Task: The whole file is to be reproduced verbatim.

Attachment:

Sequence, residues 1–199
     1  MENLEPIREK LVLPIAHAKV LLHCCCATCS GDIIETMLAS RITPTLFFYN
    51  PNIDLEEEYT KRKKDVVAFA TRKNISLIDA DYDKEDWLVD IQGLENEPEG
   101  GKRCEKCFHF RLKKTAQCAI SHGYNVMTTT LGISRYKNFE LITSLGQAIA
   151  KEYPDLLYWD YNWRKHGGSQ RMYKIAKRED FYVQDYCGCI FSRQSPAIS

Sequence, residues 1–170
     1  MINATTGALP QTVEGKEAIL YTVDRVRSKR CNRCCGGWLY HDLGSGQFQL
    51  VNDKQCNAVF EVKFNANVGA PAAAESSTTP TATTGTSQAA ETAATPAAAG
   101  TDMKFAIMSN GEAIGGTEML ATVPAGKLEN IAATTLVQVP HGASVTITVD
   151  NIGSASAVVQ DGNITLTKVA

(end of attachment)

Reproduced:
Sequence, residues 1–199
     1  MENLEPIREK LVLPIAHAKV LLHCCCATCS GDIIETMLAS RITPTLFFYN
    51  PNIDLEEEYT KRKKDVVAFA TRKNISLIDA DYDKEDWLVD IQGLENEPEG
   101  GKRCEKCFHF RLKKTAQCAI SHGYNVMTTT LGISRYKNFE LITSLGQAIA
   151  KEYPDLLYWD YNWRKHGGSQ RMYKIAKRED FYVQDYCGCI FSRQSPAIS

Sequence, residues 1–170
     1  MINATTGALP QTVEGKEAIL YTVDRVRSKR CNRCCGGWLY HDLGSGQFQL
    51  VNDKQCNAVF EVKFNANVGA PAAAESSTTP TATTGTSQAA ETAATPAAAG
   101  TDMKFAIMSN GEAIGGTEML ATVPAGKLEN IAATTLVQVP HGASVTITVD
   151  NIGSASAVVQ DGNITLTKVA